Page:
IT'S easy to see why Ryan Lester is universally the most loved Lion running out on Saturday.
You only have to watch the reaction of teammates to his preliminary final goal against Carlton to know 'Froggy' is the heart and soul of Brisbane.
He's been dropped 17 times in his 13 seasons.
When the 'Go Home Five' left at the end of 2013, Lester stayed.
And for five of the past six seasons, the 192cm defender has played on the edge of the football cliff, enduring one-year contract after one-year contract.
And despite it all, Lester has not only survived in 2023, but he's thrived, playing arguably the best football of his 179-game career.
His rollercoaster ride since being drafted with pick No.28 in 2010 can best be summed up by this quote.
"I didn't realise how bad losing was every week compared to winning every week," Lester told AFL.com.au. "When you haven't been exposed to it, it's just what you know.
"Our biggest games were always against the other bottom four or five teams, whereas this year we've played eight or nine Thursday or Friday night games, two finals and now we're going into the biggest game of them all."
Behind Daniel Rich he is the longest-serving Lion remaining on the list, arriving at the club 12 months before future brother-in-law Dayne Zorko, who will run out for his 250th game against Collingwood.
Lester has seen it all, and along with the above-mentioned duo, is the connective tissue from Brisbane's premiership era to its current Grand Final team.
He was coached by Michael Voss and Justin Leppitsch before Chris Fagan came on board, and played alongside Simon Black, Jonathan Brown, Luke Power and Ash McGrath.
"We weren't horrific, but it didn't work out," he said.
"They were great role models for me, not just great players, but great people."
It's something Lester learned and carried with him through the toughest of times at the Gabba.
Jared Polec, Patrick Karnezis, Billy Longer, Sam Docherty and Elliot Yeo were all drafted either with, or a year after, Lester, and all were gone in the same horrific trade period for the Lions following Voss' 2013 departure.
"I wasn't a big-name player, so in some ways I was fighting for my spot, so I didn't think I was going to go to a club and necessarily the grass was going to be greener," he said.
"Loyalty is a personal value of mine. When I get somewhere I tend to like sticking around.
"I've always felt really comfortable at the club. I've probably always brought into the friendships and the mateship that football clubs bring."
Playing as a forward, midfielder and ultimately in defence, Lester has rarely been a pick-and-stick player.
He played 38 games in three seasons under Voss and 42 in three under Leppitsch. Saturday will be his 100th game under Fagan.
Lester admitted the club "lost its way a bit" through the middle of his career, but lays no blame at the feet of Leppitsch, saying in a full rebuild mode the coach was caught between playing youngsters and keeping the middle tier happy despite not always giving them a game.
Fagan came and things changed. In his first season in charge in 2017, where Lester played all 22 games for the only time in his career, Brisbane conceded 115 points a game, which was still dead last in the AFL, but had come down from 132 the previous year.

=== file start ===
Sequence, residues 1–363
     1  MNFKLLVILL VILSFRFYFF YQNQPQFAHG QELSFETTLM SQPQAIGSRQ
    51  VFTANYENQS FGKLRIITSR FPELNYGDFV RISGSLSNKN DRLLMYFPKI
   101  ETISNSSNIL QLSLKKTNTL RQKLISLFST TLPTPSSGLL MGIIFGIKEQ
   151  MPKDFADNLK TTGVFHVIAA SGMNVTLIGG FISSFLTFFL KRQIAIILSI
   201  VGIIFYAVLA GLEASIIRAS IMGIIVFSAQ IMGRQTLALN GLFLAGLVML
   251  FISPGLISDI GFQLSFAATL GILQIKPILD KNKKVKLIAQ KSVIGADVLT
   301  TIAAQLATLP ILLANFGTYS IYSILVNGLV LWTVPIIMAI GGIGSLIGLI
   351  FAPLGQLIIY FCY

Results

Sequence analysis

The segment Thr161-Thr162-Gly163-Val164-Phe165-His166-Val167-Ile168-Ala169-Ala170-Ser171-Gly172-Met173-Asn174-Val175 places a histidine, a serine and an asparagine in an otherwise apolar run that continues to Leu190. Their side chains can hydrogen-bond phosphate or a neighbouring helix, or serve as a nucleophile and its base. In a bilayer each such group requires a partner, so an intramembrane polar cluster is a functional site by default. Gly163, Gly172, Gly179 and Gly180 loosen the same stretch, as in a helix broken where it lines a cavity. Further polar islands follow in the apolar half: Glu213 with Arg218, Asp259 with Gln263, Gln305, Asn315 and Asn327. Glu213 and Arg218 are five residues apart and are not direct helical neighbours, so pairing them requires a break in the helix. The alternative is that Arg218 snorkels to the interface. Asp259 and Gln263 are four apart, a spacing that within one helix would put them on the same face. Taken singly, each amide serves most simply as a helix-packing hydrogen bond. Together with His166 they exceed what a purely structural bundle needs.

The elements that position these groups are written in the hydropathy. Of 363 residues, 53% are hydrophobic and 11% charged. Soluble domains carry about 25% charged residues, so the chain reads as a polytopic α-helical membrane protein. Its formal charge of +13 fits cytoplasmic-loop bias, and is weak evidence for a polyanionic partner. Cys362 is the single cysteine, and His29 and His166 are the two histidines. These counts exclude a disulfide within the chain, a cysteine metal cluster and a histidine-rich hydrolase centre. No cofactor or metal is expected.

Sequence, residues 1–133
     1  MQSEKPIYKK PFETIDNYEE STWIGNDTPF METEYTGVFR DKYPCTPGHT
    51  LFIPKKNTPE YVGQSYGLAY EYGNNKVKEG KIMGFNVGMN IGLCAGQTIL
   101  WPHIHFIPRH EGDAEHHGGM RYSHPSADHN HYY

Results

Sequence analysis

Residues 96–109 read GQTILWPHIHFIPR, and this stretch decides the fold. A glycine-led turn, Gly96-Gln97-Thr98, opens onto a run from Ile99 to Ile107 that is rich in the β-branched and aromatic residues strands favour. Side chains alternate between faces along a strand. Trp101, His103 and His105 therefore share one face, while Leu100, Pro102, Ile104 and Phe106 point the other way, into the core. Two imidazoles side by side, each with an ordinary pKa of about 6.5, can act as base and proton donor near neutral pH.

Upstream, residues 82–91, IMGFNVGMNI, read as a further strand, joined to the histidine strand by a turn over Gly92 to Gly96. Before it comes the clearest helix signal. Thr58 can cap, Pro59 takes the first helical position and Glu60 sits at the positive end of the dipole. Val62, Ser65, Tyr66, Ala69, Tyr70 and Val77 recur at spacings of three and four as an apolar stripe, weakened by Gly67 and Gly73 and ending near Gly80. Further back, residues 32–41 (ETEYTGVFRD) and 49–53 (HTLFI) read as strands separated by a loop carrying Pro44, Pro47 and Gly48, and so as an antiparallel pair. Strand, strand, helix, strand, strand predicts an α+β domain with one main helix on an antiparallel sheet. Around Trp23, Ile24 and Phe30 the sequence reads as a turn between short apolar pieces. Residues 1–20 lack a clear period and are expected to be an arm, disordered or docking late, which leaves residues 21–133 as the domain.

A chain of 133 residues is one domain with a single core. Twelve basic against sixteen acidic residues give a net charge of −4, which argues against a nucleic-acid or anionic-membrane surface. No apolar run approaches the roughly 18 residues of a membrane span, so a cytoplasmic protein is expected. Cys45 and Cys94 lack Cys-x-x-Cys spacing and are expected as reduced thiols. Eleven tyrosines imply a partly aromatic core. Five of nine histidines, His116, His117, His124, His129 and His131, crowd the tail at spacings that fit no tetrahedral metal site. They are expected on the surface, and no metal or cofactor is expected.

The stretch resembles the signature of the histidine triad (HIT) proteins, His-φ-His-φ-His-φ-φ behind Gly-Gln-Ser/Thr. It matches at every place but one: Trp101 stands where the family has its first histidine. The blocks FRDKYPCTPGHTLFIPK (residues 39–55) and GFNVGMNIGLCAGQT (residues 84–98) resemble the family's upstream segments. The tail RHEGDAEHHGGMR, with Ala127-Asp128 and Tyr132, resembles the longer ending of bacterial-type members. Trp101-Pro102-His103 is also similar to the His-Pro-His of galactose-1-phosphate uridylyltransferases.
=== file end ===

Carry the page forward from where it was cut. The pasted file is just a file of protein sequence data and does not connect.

"He sold us the message of improvement and you could see it and buy into it," Lester said.
This was also the time he started playing on year-to-year contracts, as Brisbane went into another re-build, piling in the high-end draft talent with Hugh McCluggage, Jarrod Berry, Cam Rayner, Zac Bailey and Jack Payne in successive years.
He was always mature beyond his years and smart enough to stare his football mortality in the eye.
"In 2018 I was getting to that 26, 27-year-old stage and the club was probably thinking they weren't sure if I was going to help take them anywhere, not sure if I'd be in the next premiership," he said.
"You often see guys get moved on at that stage.
"At the start of that year, and the past five years, I've written something down like this: 'Football ends at the end of this season, this is what I want to do to be ready, and this is what I'm looking forward to in the next phase of my life'.
"It's actually paid big dividends because now whenever I transition out of the game, I'm more than ready because I've just kept adding blocks to it."
He played just three games last year and was put on the rookie list ahead of this season. Throughout it all, Lester has been incredibly popular in the changeroom and a long-time member of the leadership group.
With Darcy Gardiner battling injury early in the season, Lester was given a crack at the third tall defender's role in round seven and has not looked back.
He's been more assertive than ever, often leading his opponent to the ball, and comfortable backing his skills to help the Lions move it swiftly from the back half.
"I've always thought when I go out there, I feel comfortable playing AFL, I don't feel out of my depth," he said.
"Gary O'Donnell (who re-joined the Lions as assistant coach from 2010 to 2016) told me in the early days I was here for a career, not a game.
"When I was not getting picked, it wasn't so much about the games I was missing, but more about how I can improve by the end of the year to show I'm a better player than I was at the start of the year, and I might get another contract."
He's already signed on for 2024 – a one-year deal - and if Brisbane salutes against the Magpies, you won't see a more popular recipient of a premiership medal from his teammates.